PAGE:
How do you think retailers can improve clothes for plus-size people?
That’s easy. Take those exact same clothes that you make in straight sizes and make them in plus sizes. Don’t add any more ruffles. Don’t add any sequins. Don’t add a floral print. Don’t add elastic. The. Same. Fucking. Clothes. But bigger! See?!
Do you think plus-size women are judged differently than plus-sized men are? How?
Our culture polices women’s bodies harder than men’s bodies. In all the ways.
Do you think there’s an assumption made/stereotype that exists about plus-size people? How would you respond to it?
There are a lot of stereotypes about fat people, and I’ve covered a lot of them here before. Lazy, undisciplined, eat too much, unhealthy, ugly, stupid, slow, oversexed, undersexed, trying-to-hard, “great personality”, sad, happy… some of the stereotypes even contradict. We can’t win, although I do frequently rant about it.
Do you think there’s ever a right way or time to express concern about someone’s weight?
No. If you are worried about someone – for whatever reason – you can make yourself available to them and make yourself a close and trusted friend, so that they feel free to come to you if they are having problems and need help. If they don’t make it your business, don’t make it your business.
What are the worst things people have said to you about your body? How did you respond?
No one has said anything really negative about my body since high school, except for Reddit trolls in my inbox.
Sometimes people say things about my body that another person would be uncomfortable with, but I miss it because I don’t feel bad about my body. For example, I had a doctor once ask me if I had any unwanted hair, and I said no. A few questions later, I realized she was going down the PCOS/hypothyroidism checklist of questions. I said, “Oh! That hair question. You want to check the yes box. I have a lot of hair in a lot of places for a woman. But it isn’t unwanted hair!” She laughed and changed the answer.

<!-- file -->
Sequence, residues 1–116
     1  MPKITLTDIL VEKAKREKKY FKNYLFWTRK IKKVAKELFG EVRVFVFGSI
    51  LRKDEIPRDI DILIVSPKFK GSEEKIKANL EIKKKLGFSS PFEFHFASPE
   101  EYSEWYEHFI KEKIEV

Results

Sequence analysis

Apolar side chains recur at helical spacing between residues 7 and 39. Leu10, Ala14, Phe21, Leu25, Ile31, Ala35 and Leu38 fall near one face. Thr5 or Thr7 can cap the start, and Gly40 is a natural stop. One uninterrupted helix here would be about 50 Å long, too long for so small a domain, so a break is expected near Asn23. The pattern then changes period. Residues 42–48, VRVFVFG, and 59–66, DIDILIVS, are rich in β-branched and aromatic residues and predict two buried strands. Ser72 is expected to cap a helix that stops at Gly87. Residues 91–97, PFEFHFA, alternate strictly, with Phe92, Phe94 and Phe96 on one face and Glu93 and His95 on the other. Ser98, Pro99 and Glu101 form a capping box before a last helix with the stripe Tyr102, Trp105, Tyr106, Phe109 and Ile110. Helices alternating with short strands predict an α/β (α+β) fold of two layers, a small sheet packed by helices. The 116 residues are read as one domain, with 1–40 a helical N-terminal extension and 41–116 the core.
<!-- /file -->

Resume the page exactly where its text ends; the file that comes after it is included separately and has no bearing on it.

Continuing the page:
Comments about fat are kind of the same way. I get emails telling me I’m fat. Sometimes they use food words to describe me, or animal words. Hamplanet is a common one. Is that supposed to be an insult? I think it’s pretty funny imagery. Sometimes they call me a pig. Uh… I love pigs!
What have people said (or do you wish they’d say) that would compliment your body or appearance?
Unless I’m in costume, I don’t want compliments on my appearance. What I look like is just… what I look like. I don’t have a whole lot to do with it. I’d rather get compliments on something that I try hard to succeed at, like parenting or blogging.
Do you find yourself hanging out with women who are closer to your size?
No. I have friends who are fatter than me and friends who are skinnier than me.
How has your weight affected your sex life, if at all?
It didn’t for years, but I have gained some weight and changed shape some since Dylan was born. That has required some positioning adjustments.
When you’ve been single, has your weight affected your dating life?
I haven’t been single or “dating” since college. I’m more into fucking my friends, and my weight isn’t much of a factor there. Presumably there are people out there who don’t want to fuck me because of my size, but I hope they continue to keep it to themselves.
Do you feel weird if the guy you’re with only dates larger women?
No. 65% of Americans are fat. It would be easy to only date fat people. I wouldn’t want to date someone who fetishized my fat.
Do you feel weird if he’s only dated slimmer women before you?
No. Most people are slimmer than me!
And that’s that for the Cosmo questions. What do you think? Want to read more about the experience of being fat? Don’t forget to read the other bloggers’ answers to these same questions.
(Affiliate links ahead!) You can also check out Fat Chicks Rule!: How To Survive in a Thin-Centric World for a “fun, fact-filled guide to living the big girl’s life with style” or any of the other books on my Fat Acceptance Books list.
Do you have any questions of your own?